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Thursday, 26 March 2015

Jeremy Clarkson



Jeremy Clarkson is a marmite personality, loved by many, loathed by others. I understand why some like him and why others despise him. I don't even have to leave the couch to understand the polarity of opinion. The internet allows those of like minded views to read like minded blogs and God help anyone who deviates from the party line on these like minded blogs. 


I don't watch Top Gear, can't abide cars though I like to be driven, but an aspect of the whole furore niggles me. Clarkson has been sacked for punching his producer who failed to do his job. The BBC's position  is that Clarkson 'crossed a line' in doing so and this is being propagated in  its various outlets.

 One could ask the question why top Premier League footballers are not sacked when they kick, or stamp on opponents in the heat of the moment. There would have been uproar on Merseyside if Steve Gerrard had been sacked for one such recent offence. In fact the Premier League would be decimated if everyone was immediately sacked for 'crossing a line.' Then again one could ask who defines 'crossing a line'.
*

This leads on the more serious question. In 1988, the BBC's Mark Thompson made an apparently unprovoked attack on a senior television journalist, Anthony Massey. He lunged at him snarling and sank his teeth into Massey's upper left arm. In Massey's words: "I pulled my arm out of his jaws, like a stick out of the jaws of a labrador. The key thing is, we didn't have a row first, or even speak." The affair was hushed up.  When he complained that Thompson hadn't even apologised or explained, his boss told him 'This whole place is full of f…. ...  headbangers." Massey was still unhappy about it, and was promptly sent on a dangerous assignment to Rwanda.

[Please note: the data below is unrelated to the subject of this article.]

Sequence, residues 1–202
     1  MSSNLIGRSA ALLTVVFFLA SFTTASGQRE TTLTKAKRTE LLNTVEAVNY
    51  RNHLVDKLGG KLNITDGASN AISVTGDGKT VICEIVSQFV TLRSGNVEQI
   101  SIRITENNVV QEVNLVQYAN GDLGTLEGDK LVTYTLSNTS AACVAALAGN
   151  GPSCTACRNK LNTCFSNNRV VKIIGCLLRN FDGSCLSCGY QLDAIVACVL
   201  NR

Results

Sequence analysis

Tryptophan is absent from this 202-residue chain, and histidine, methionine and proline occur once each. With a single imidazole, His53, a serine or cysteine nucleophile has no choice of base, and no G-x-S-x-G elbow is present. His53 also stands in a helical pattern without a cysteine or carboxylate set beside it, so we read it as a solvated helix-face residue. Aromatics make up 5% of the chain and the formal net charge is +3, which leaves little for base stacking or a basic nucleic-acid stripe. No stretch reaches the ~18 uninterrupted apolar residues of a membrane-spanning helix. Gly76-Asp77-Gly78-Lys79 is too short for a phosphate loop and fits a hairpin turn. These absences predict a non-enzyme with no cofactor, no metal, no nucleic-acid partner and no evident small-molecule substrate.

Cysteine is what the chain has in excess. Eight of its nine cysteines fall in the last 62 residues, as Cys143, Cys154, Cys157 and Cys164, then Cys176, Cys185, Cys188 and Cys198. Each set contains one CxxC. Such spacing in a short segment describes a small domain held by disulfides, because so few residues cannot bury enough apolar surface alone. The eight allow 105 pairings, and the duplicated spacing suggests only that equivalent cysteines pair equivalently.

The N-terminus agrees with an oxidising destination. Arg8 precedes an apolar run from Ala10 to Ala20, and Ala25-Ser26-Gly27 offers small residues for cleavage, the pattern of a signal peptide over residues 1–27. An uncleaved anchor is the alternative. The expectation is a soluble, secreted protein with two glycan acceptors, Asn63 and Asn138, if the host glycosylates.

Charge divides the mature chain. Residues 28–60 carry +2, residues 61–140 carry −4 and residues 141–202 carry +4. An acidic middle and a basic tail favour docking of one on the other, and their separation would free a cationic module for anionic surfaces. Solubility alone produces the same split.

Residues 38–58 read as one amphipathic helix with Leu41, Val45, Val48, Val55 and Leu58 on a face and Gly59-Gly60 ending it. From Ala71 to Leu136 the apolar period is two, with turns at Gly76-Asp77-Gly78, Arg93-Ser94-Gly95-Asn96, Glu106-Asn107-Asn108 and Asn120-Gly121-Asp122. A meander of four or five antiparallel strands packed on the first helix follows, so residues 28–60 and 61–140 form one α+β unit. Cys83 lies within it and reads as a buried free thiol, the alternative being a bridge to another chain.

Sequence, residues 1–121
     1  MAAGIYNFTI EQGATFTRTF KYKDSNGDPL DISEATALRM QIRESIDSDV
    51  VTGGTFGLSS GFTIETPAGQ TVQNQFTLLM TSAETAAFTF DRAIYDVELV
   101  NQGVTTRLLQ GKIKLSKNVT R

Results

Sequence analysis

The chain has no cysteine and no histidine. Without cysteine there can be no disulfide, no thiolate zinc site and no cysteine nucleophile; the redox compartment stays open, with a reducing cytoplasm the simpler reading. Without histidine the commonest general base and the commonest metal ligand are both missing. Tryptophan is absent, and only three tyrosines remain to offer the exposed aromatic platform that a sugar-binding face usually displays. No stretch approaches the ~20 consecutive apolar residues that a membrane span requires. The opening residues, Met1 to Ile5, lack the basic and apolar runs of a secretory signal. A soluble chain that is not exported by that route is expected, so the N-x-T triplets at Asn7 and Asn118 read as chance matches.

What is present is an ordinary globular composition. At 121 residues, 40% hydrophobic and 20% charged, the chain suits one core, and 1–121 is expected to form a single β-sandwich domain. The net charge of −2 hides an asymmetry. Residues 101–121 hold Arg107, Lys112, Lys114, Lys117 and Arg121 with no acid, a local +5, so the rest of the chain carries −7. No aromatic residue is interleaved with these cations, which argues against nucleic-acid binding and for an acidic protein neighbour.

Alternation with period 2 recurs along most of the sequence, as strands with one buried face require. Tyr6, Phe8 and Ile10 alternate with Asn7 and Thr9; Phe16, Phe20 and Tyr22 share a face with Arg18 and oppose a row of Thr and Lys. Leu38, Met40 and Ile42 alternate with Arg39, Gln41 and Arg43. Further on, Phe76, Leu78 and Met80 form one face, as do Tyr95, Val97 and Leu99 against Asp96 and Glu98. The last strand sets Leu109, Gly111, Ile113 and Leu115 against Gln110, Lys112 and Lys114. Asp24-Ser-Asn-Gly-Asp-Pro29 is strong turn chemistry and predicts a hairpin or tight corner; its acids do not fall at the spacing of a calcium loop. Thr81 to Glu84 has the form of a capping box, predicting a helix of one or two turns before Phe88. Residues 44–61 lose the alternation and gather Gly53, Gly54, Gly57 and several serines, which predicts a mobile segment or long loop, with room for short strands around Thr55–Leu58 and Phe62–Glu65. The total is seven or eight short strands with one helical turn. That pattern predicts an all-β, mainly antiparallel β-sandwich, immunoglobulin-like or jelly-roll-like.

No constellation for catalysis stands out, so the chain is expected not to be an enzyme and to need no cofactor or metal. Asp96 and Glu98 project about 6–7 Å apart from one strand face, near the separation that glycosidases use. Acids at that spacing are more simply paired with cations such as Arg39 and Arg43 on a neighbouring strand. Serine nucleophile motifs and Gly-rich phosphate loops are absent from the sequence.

There are stories, too, that Thompson once tried to strangle a video editor for handing in an obituary too late for broadcast. Another well known broadcaster, Jeremy Paxman remarked about Thompson "The bloke is quite clearly insane. Bloody hell. If any of this came out, he'd be toast."

Well, Mark Thompson wasn't made toast. He was promoted to the post of Director General of the BBC, (where he tried to hush up the Jimmy Savile paedophilia scandal,) and is now CEOof the New York Times.

So the question to be answered is not why you like or dislike Jeremy Clarkson, but why there is one law for some and another law for others?

 * This image was originally posted to Flickr by eirikso at http://flickr.com/photos/47402349@N00/3029958618. It was reviewed on by the FlickreviewR robot and was confirmed to be licensed under the terms of the cc-by-sa-2.0.

7 comments:

Maria Zannini said...

It all comes down to how much money someone makes you. They'll never kill the golden goose, but sacrificing a few fat ducks makes them look noble.

Mike Keyton said...

Ah but, Clarkson was the fattest goose. Top Gear was the biggest world money-spinner the BBC had. So either it was unintelligent management - publically painting themselves into a corner they couldn't escape from, or ideology came into play. As I said, Jeremy Clarkson is Marmite with a capital M.

(Do you know about Marmite? Have you heard of Top Gear/Clarkson? A belated thought :) I can elucidate if necessary, Maria)

Maria Zannini said...

Marmite is some sort of food, isn't it? I've never seen it in person but I've read about it. Judging by its description, it sounds like an acquired taste.

I'm sure Greg has heard of Top Gear, but I'm not much into cars and such.

Mike Keyton said...

You've got it, a black, yeasty spread with a sharp, pungent taste. It's whole advertisement campaign is run on the fact that you love it or hate it. And yes, I'd be interested to hear Greg's views of Top Gear. I've never watched it either, so on that level it's no big deal to me whether it stays or goes. It's news management and hidden agendas that I'm sensitive too.

mrcrashhappy said...

The British version of Top Gear is more fun than a barrel of monkeys. Perhaps it is a barrel of monkeys. In any event, I'm with Jeremy, no matter who he struck. This, my favorite TG segment of all time, is why: https://www.youtube.com/watch?v=QQh56geU0X8.

LD Masterson said...

I fear much of this post lost something for me in the translation, except for the last line. The question of one law for some and not others is universal.

Mike Keyton said...

Sorry, Linda, it was a bit UK specific, though as you say, one line is universal��